The business world is seldom simple, nor is the daily running of a busy legal firm. Like any evidence-based industry, there are always risks, nuances, mitigating factors, and an element of uncertainty.
This is why the sector adheres to strict corporate governance and compliance rules to satisfy increasing regulatory scrutiny.
Evidence and statements collected and conversations held must be factually accurate and expertly documented to ensure they support the submission and assessment process fully.
Evidence and supporting information must be captured and stored reliably and must also follow due processes to ensure it is bona fide.
As such, witness statements and conversations are often recorded on digital devices such as a mobile handset. They provide a verbatim record of the interaction, but it is generally left to the interviewer to transcribe the recording or their assistant or legal secretary.
This process often leads to incomplete or inaccurate documentation, which poses a significant risk to the recording and documentation process.
This process relies on the accurate marriage of written observations with the recorded statements or interviews, where information needs to be accurately added to the case notes at appropriate junctures.
In those cases where a recording is added to written notes at a later stage, there is a significant gap between the events, the written notes, and the subsequent addition of recorded material. Again, this can impact accuracy, as it breaks the focus and immediacy of creating notes on the spot.
Further to this, playing back a recording to find critical information is fundamentally inefficient. In the digital age, technologies exist – and should be used – that vastly improve the process of recording, transcribing and searching through audio files.
A modern, AI-powered tool that automatically transcribes recorded audio removes many of these pain points. Also, once an audio file is digitised, it becomes ‘live' data and can be searched, traced and stored securely.
Digitised audio can be searched to find keywords, phrases, or specific time points in a recording. It, therefore, becomes eminently more useful to the organisation. Rather than playing back a recording to find a statement or observation, an agent can type in a search term and find what they require almost instantly.
Some solutions enable an automatic transcription of the recording, which saves the interviewer from having to type it into their report after the fact.
This means they can hit ‘record' on their mobile device, and a fast and cost-effective verbatim transcript of recorded statements will be waiting for them when they return to the office.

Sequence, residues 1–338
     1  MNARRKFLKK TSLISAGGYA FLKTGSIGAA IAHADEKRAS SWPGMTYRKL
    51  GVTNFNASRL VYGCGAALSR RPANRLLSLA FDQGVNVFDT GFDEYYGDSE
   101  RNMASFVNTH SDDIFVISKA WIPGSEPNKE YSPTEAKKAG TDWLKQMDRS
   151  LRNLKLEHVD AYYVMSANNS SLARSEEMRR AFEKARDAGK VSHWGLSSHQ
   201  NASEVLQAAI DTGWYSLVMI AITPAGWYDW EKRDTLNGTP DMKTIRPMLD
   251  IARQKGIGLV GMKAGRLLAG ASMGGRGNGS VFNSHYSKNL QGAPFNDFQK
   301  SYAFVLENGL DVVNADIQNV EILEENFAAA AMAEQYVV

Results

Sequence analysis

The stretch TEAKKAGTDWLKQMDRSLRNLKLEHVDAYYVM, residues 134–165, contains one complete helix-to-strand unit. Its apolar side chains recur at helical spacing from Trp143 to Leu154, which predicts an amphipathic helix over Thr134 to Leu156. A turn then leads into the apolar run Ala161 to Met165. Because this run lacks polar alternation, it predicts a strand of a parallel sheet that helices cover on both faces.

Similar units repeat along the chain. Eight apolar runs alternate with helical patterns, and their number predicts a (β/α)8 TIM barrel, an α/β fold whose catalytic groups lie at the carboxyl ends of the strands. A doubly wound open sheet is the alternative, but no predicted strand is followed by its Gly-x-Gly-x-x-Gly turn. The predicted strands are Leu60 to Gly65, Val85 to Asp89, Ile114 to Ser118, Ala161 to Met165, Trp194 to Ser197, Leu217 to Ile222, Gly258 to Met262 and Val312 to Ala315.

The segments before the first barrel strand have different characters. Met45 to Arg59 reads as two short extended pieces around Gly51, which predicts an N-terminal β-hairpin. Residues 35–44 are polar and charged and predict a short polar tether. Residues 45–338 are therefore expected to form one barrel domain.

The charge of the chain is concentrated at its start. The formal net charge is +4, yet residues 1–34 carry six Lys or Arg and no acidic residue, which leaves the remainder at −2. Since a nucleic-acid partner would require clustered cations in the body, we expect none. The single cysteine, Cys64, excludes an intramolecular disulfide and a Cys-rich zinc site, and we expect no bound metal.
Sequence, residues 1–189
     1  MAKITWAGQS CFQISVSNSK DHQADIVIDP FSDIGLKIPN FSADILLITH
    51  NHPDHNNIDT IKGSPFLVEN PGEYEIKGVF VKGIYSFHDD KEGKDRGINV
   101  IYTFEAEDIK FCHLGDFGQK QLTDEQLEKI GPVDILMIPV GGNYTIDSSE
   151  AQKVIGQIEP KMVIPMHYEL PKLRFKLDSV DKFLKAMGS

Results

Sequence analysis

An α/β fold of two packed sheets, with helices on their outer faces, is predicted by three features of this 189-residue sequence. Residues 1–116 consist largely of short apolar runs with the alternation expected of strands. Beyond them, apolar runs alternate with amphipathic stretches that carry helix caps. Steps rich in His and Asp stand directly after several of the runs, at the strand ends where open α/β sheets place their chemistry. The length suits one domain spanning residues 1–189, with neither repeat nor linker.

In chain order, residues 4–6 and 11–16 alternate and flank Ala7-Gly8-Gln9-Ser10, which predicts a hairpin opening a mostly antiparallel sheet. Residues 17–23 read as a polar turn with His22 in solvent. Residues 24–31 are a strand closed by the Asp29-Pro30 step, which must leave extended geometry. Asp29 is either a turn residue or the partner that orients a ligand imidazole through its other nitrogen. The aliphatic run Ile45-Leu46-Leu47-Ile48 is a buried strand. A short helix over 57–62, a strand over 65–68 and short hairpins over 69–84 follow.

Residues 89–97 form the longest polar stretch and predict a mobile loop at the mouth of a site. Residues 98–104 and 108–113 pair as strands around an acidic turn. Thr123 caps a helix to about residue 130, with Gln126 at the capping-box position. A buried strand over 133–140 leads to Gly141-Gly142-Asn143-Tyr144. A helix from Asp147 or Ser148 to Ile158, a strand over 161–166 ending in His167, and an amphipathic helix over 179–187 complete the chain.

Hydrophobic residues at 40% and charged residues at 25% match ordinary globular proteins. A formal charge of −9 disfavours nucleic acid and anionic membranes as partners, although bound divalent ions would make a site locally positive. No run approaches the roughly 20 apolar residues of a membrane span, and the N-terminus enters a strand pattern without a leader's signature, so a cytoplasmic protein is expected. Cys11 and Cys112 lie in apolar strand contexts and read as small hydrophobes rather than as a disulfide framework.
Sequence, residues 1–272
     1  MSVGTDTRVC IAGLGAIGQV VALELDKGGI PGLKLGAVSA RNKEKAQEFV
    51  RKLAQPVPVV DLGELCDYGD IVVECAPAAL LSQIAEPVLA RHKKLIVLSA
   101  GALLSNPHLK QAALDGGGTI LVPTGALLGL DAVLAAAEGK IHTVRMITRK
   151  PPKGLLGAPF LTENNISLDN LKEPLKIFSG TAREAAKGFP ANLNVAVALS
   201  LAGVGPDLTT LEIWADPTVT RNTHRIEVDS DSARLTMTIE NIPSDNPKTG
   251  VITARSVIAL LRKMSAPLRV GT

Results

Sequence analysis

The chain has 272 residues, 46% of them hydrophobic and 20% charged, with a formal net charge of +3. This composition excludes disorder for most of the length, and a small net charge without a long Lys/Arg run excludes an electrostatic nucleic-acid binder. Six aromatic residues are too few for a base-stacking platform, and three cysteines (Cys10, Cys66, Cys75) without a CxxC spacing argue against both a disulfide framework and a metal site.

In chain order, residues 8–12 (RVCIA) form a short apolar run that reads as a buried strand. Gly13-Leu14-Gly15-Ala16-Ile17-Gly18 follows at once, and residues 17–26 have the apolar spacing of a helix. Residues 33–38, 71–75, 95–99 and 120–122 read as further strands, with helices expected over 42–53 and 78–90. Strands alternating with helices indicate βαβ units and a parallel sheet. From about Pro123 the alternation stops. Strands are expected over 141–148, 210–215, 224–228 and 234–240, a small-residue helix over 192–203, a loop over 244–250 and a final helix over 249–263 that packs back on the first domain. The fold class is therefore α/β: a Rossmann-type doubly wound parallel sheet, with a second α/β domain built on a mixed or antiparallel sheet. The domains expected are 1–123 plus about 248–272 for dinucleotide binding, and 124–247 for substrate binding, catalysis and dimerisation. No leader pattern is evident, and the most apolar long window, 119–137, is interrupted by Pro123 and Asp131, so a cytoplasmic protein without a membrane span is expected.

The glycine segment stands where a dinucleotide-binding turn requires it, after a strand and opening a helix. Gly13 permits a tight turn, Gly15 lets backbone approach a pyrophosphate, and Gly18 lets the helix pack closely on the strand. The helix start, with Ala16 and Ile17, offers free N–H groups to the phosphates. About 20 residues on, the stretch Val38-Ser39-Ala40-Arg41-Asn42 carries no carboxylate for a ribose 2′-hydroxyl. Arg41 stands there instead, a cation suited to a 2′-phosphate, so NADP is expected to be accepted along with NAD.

This can then be placed into a report or, as described above, be broken down into parts to find and insert information where applicable.
Such solutions are available in application formats now, which perform these tasks to a very high level from any mobile phone. AI is used to learn who is speaking, cut down background noise, and increase the accuracy of the recording and subsequent documentation.
For example, an interviewer can hit record on their app while in the field and quickly receive a transcript delivered to their device that keeps a digital record of the recording.
In the current state of our region, where remote work and responsible social distancing are the norm, digital recording and transcription services have become even more critical.
Recording can extend to other parts of the business process, such as internal meetings, virtual events and webinars - which all play a part in strong governance and can play a role in maintaining compliance.
The security of a file is also increased once the audio is digitised, as the solution will create a recorded lineage of each file. Metadata will state when it was created and by whom, who has opened it and at what time, where it has been stored and more.
Again, this aids in compliance as well as governance over recorded information, and makes sure that there is a strict trail of information about the file so that it cannot be altered or accessed without leaving virtual fingerprints.
Although the benefits of automated transcription and digitised audio seem clear, it is estimated that as little as 15 per cent of recordings are currently being moved into digital formats. This ratio must be turned around to aid in the fast, accurate, and efficient use of audio in the legal profession and therefore increase business productivity and governance.
The adoption of digital audio capture and automated transcription using cutting-edge virtual tools will positively impact the industry and provide competitive advantages for fast-moving early adopters.